What is a Plenary Guardian?

What is a Plenary Guardian?

If you have a teenage child or young adult child with an intellectual or developmental disability (IDD), you may have concerns over how they will navigate the world as an adult. You may be wondering whether you need to assume legal guardianship to protect them from potentially costly mistakes. It is only sensible to think about whether or not they may need your help in making important life decisions moving forward. That is why it is important to learn more about different types of guardianship. The more you learn about the legal avenues that are available to you, the better you will be able to decide what is best for your child.

What is Plenary Guardianship?

Plenary guardianship is the official legal term for full guardianship. It is the most complete form of guardianship that can be granted by the court — where you take full decision-making responsibility for your child.

Deciding to seek full guardianship for your child is a major choice that should not be made lightly, as it will remove all of your adult child’s legal rights to make major life decisions. The last thing you want to do is lower their quality of life, so you will want to discuss the possibility of plenary guardianship with multiple key figures in your child’s life to ensure you are completely certain about your decision. These figures may include your special needs lawyer, the child’s other parent, your child’s primary physician and other medical experts. Not only will these experts help you decide what your child really needs, they can also help you present a complete argument to the court if you find you need to seek plenary guardianship.

If you do get plenary guardianship from the court, you will take over responsibility for some or all of your child’s major life decisions, including:

  • Voting
  • Driving
  • Marriage
  • Divorce
  • Medical decisions
  • Financial decisions
  • Entering into contracts
  • Living arrangements
  • Creating a will

There are definitely individuals with such a severe IDD that they require plenary guardianship. For those individuals, plenary guardianship is a necessity for their safety and those around them. But it is also important to understand that plenary guardianship is often not necessary. Just because someone has an IDD, even a fairly significant IDD, does not mean that they should have all of their rights taken away and put in the hands of someone else — even someone as well-intentioned as their parent.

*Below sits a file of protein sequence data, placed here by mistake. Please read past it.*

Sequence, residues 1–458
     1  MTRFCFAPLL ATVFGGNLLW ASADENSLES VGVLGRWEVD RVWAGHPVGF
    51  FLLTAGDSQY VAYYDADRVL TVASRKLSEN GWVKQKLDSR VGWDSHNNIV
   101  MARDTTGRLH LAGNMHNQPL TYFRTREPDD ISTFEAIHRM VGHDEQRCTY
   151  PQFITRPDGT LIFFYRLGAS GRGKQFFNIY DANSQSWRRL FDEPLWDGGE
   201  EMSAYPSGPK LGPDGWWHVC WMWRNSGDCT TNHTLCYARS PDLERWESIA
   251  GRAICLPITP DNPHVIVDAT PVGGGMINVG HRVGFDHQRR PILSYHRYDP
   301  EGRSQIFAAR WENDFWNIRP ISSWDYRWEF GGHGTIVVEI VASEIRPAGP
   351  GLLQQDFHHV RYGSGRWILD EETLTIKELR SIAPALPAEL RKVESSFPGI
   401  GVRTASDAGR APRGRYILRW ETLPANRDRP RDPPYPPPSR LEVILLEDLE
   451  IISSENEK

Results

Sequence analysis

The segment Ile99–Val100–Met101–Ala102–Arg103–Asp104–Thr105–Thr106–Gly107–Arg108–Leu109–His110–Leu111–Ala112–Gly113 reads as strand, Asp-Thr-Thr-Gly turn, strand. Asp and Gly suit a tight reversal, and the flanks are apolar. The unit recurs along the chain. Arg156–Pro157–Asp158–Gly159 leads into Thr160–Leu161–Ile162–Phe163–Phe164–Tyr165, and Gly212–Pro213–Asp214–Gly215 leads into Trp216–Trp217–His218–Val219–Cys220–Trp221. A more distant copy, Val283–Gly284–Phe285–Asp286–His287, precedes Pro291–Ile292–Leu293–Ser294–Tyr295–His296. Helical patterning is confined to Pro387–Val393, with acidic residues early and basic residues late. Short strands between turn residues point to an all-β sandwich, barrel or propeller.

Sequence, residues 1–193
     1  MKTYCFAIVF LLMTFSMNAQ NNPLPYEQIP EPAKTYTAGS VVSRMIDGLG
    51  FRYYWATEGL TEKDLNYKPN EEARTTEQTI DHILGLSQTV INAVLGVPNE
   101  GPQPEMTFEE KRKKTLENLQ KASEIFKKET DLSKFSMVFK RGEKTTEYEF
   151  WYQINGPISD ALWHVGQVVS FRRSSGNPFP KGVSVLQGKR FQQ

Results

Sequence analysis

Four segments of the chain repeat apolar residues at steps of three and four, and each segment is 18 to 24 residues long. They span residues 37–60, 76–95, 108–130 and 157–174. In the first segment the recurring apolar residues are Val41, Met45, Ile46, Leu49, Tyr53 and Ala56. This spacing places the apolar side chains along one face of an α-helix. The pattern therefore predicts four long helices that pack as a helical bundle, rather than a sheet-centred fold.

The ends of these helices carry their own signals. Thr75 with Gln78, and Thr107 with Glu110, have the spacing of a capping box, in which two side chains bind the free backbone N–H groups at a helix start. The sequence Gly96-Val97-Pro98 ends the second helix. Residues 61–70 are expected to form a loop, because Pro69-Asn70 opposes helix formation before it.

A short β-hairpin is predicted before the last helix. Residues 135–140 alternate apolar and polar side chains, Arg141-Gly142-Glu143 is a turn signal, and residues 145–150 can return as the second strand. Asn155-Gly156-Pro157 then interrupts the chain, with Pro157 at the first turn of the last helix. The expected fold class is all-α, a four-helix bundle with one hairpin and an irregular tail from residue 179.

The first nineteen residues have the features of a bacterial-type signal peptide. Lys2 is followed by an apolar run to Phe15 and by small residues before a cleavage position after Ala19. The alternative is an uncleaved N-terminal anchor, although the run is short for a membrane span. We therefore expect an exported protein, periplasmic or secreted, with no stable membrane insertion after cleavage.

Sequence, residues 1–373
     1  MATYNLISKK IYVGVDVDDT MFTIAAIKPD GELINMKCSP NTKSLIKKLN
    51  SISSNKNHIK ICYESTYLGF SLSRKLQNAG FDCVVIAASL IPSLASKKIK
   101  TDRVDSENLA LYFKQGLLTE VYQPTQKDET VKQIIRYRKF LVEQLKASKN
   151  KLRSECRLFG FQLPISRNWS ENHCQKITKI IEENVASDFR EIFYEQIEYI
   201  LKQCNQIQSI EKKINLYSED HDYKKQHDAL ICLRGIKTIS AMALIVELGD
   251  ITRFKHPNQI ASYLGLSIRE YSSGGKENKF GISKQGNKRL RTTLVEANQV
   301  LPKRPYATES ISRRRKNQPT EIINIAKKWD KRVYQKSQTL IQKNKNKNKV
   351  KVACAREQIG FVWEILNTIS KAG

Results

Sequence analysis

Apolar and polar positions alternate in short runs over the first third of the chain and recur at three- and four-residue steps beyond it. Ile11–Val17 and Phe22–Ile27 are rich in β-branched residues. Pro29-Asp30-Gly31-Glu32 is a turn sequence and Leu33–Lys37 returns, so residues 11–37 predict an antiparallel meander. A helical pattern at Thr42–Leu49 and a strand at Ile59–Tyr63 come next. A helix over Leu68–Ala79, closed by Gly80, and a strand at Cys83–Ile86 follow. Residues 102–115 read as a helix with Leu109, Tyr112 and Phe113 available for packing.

Why Do Parents Seek Plenary Guardianship?

The primary reason for plenary guardianship is to ensure the safety of the individual under guardianship. An IDD can be so severe that it can make an individual vulnerable to dangerous decisions and/or being taken advantage of by others. You want your child to live a relatively safe, comfortable, secure life. If you are certain that having full rights to get married, divorced, drive, enter into contracts, make medical decisions, make financial decisions, and so on, is likely to put your adult child in significant danger, it may be necessary to take away those rights.

How to Decide if Plenary Guardianship is Necessary

Seeking plenary guardianship for your adult child with an IDD or soon to be adult child is one of the biggest decisions you will ever make. You love your child and want what is best for them — and that may mean taking over some or all of their decision-making through full guardianship. But how do you decide if plenary guardianship is the right choice?

There is no simple, easy answer to this question. But there are some questions you can ask yourself and other experts like your special needs attorney that can help guide your decision, including:

  • Is your child completely incapable of making health care or financial decisions? Decisions like whether to get a life-saving surgery, take birth control and pay rent are extremely important choices that adults must make for their own well-being. If you do not believe your child is capable of making such decisions, you may feel compelled to take over such decisions to ensure their safety. 
  • Can your child make some major decisions with reasonable — or even extreme — assistance or accommodation? Many young adults with an IDD are capable of making some major decisions, particularly if they have some help from others that they can trust. It is far better to err on the side of caution when it comes to taking away your child’s rights to make their own decisions both for their happiness and your own.